Perhaps what was to be more of an issue were the quality of the players brought in during that winter window to fortify the squad. Injuries, suspensions and burn out were going to impact performances for the last part of the season. We needed players who were able to step in and keep the wagon rolling, so to speak.
However, the highly rated but injury prone Kirchhoff and Obasi not surprisingly got injured and both Charsley and Walker soon showed that they were not ready for the cauldron of a Championship relegation battle. Flanagan flattered to deceive and then bombed. This left fan favourite Zach Clough. Obviously, not a direct replacement for Madine, he was seen as an ideal deep lying number 11 to feed ALF through the middle. It never really seemed to click though and Zach sadly disappeared to the bench, at times not even making that. A mistake by Parky of not utilising Clough more in my opinion, but to be fair, we never see what is happening on the training pitch.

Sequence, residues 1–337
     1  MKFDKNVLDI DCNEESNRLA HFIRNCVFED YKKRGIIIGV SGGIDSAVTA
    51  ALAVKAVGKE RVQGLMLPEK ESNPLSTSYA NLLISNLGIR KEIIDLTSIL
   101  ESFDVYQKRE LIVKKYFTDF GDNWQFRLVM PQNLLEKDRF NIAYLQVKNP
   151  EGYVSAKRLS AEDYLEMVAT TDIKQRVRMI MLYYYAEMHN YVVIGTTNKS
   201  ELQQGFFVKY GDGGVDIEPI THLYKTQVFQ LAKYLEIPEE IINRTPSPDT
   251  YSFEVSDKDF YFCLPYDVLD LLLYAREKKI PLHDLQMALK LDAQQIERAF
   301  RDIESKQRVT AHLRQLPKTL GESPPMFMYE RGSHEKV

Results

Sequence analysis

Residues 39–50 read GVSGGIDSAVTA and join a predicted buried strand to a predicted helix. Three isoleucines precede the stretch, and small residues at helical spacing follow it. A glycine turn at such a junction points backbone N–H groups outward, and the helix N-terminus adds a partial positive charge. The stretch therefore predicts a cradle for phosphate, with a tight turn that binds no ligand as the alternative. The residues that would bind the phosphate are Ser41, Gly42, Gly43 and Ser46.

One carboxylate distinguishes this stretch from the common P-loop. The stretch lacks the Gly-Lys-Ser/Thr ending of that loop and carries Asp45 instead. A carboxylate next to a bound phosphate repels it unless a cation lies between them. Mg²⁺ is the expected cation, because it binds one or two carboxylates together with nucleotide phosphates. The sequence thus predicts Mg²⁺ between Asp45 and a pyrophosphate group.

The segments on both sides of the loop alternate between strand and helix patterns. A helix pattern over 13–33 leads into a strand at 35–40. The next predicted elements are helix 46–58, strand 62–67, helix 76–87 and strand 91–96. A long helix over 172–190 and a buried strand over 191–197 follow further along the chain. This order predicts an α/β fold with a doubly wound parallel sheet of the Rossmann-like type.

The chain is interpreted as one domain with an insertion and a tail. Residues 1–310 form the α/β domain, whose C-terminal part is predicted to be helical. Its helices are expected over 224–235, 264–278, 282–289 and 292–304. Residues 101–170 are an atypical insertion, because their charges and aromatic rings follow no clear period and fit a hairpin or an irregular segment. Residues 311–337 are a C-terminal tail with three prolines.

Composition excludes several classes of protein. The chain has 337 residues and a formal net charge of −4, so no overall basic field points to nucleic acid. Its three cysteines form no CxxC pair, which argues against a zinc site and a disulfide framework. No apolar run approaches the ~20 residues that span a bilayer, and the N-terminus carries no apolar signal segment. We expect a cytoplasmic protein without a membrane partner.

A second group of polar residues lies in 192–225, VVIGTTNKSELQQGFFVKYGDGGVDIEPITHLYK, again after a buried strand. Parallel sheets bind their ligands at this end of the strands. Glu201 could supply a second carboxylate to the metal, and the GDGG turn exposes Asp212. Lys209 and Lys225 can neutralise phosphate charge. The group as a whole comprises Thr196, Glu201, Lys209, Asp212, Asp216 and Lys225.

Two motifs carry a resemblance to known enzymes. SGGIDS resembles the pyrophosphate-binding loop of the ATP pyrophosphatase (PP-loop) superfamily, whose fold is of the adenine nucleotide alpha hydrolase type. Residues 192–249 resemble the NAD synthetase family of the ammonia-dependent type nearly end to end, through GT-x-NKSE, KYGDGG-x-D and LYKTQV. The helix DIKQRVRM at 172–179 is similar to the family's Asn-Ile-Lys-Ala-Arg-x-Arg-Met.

Anyhow, we reached the March International break in good spirits and hopeful that a couple more wins would see us safe, particularly as our fellow relegation candidates seemed to be doing their level best to get relegated.
The first indication of trouble ahead came from the chairmans notes on 27th March, although we didn’t pick up on it at the time. Particularly;
‘...there has been some speculation in the press and on social media about players’ contracts. What I can tell you is that we are already talking to the agents of some of the current squad about extending their deals.